Andy Murray climbed off the canvas to defeat Jarkko Nieminen 1-6 6-4 6-1 6-2 in their second-round clash at the French Open this afternoon.
The world number four appeared down and out as his ongoing back problem returned with a vengeance in the first set, rendering Murray virtually immobile and struggling to serve.
But he gradually loosened up and, from 4-2 down in the second set, and helped by a confused opponent, won 11 of the next 12 games to book a third-round meeting with Santiago Giraldo.
There was little sign of the drama to come as the fourth seed took to Court Philippe Chatrier in front of the customary sparse morning crowd and immediately tested Nieminen in a lengthy first game.
The Finn, who beat Andre Agassi in round one in 2005, is certainly no mug, and feels at 30 he has been playing some of the best tennis of his career, but Murray was still a heavy favourite having won all their three previous meetings.
Nieminen immediately brought up two break points as the Scot gave the first signs of physical distress, with frequent grimaces and glances to his box. Murray saved those but he could not close out the game and on his fourth chance Nieminen broke through.
It soon became clear Murray was in all sorts of trouble, barely able to move, and in his second service game he was simply rolling his serve in.
Nieminen swiftly broke again to lead 4-0 (see video above) and it was no surprise when the trainer arrived on court, Murray taking a timeout for some stretching and massage.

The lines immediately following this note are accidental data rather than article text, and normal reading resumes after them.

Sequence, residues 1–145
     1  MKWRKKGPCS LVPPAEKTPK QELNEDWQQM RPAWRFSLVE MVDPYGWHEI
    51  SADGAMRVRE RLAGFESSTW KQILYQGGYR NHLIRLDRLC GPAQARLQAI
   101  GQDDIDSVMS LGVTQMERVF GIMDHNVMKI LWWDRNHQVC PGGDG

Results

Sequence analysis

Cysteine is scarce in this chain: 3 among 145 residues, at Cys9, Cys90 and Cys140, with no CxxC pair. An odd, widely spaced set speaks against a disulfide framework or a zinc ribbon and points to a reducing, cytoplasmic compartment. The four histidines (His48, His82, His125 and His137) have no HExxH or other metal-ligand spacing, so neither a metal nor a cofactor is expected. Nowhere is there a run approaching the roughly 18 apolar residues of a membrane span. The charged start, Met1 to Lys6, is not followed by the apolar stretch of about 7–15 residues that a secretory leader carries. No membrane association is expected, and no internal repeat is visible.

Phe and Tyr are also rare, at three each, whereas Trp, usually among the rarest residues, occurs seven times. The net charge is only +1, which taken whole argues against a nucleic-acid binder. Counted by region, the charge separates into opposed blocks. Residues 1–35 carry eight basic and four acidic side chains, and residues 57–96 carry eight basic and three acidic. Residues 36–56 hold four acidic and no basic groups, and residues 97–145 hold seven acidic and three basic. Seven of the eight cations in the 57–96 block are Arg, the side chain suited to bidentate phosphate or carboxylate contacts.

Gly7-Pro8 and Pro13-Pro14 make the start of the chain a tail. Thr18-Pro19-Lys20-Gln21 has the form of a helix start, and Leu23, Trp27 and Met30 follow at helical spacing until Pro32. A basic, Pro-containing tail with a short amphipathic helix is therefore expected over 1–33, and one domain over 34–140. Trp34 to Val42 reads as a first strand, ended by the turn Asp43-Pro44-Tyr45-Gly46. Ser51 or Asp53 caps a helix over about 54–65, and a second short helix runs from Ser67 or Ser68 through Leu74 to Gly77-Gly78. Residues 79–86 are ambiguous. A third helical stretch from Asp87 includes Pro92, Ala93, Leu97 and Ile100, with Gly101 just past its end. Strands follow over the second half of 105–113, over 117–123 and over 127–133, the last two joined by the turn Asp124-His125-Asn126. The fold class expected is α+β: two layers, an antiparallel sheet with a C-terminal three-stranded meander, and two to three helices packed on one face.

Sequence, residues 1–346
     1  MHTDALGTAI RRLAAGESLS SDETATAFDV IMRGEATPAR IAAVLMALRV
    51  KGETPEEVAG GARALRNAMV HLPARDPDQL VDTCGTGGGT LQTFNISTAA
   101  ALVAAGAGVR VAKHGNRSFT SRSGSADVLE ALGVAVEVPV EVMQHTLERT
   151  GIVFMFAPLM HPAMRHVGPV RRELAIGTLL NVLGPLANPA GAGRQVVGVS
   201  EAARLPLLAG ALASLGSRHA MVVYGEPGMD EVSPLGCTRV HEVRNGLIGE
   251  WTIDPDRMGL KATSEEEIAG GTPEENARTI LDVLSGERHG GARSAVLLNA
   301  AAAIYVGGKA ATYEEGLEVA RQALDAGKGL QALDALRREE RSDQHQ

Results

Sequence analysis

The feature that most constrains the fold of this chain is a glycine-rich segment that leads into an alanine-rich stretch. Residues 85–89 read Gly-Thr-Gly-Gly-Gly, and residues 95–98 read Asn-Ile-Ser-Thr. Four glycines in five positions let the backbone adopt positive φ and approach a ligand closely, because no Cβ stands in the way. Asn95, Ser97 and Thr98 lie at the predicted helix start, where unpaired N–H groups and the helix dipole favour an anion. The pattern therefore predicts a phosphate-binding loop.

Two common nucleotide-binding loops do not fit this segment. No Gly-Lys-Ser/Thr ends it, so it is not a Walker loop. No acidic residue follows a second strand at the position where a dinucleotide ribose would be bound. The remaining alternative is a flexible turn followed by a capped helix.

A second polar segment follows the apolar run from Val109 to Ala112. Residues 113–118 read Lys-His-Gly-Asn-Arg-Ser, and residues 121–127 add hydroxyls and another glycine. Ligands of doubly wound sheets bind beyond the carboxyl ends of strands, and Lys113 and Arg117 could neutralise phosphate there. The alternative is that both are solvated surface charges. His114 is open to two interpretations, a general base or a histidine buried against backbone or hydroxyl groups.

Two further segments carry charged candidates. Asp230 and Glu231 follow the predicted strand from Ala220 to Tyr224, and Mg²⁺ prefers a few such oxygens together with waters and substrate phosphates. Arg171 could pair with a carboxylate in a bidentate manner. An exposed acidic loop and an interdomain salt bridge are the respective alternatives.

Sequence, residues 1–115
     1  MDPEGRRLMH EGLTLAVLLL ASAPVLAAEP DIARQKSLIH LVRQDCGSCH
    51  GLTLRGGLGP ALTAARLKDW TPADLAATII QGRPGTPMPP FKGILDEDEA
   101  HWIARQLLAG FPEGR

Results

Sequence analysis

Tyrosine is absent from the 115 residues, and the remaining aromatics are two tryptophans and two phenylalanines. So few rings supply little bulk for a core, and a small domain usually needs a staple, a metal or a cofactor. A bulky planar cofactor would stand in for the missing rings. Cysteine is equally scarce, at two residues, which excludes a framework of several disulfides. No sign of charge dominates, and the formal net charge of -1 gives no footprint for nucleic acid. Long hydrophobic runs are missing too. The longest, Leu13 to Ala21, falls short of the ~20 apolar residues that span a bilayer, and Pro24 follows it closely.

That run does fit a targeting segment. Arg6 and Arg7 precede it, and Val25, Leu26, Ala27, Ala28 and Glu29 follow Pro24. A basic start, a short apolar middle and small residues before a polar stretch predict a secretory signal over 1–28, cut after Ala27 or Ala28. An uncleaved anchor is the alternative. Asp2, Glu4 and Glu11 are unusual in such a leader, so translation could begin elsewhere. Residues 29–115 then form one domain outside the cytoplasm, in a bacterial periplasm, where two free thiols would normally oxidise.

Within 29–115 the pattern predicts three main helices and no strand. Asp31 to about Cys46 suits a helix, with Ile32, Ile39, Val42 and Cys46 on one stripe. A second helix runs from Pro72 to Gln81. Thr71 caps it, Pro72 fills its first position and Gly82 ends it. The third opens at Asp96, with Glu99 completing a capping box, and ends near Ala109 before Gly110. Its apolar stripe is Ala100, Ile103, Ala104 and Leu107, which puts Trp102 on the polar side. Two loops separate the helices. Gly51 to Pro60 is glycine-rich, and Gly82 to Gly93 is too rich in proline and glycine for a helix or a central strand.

The 25-year-old soldiered on and promptly got one break back with a combination of going for broke on his returns and a slight loss of concentration from Nieminen.
But Murray could still barely serve, rolling in his deliveries at less than 100mph, and Nieminen quickly wrapped up the set.
The crowd, and even his opponent, were clearly expecting a retirement at any moment but Murray was obviously hoping his back would loosen up.
There were a few signs at the start of the second set that that might be the case, with his serving marginally more athletic, but his game was still seriously compromised and he was quickly 2-0 down.
He held serve for the first time in the match in the third game, but at this point Nieminen showed no signs of the loss of focus that can often affect opponents in this situation.
That was certainly the case here last year when Murray twisted his ankle in the third round, with German Michael Berrer admitting afterwards he had felt sorry for the Scot.
Murray missed three chances to break back in the sixth game but there now appeared at least a glimmer of hope, and he did manage to draw level at 4-4.
Nieminen piled the pressure back on in the next game, forcing three break points, but Murray did very well to save them all and move into the lead for the first time.
It seemed a key moment, and that was reinforced when Nieminen cracked for the first time, with two simple errors and a double fault - sandwiching an exquisite lob from Murray - handing the fourth seed the set.
Nieminen had the look of a man bemused as to why he was no longer winning, and he flung away his racquet in frustration as Murray broke again at the start of the third set, making it six games in a row.
Nieminen stopped the rot at seven, again saving a break point, but Murray was playing superbly now despite still not moving entirely freely and swiftly wrapped up the third set.
It really was a remarkable turnaround, and Murray looked in complete control when he broke the Nieminen serve for the sixth time in the first game of the fourth set.
The Finn was a spent force now, helping his opponent with a number of tame unforced errors, and Murray moved to within one game of victory as a Nieminen double fault gave away yet another break.
And Murray ensured there were no final twists, taking his second match point to clinch one of his more memorable victories after two hours and 27 minutes.
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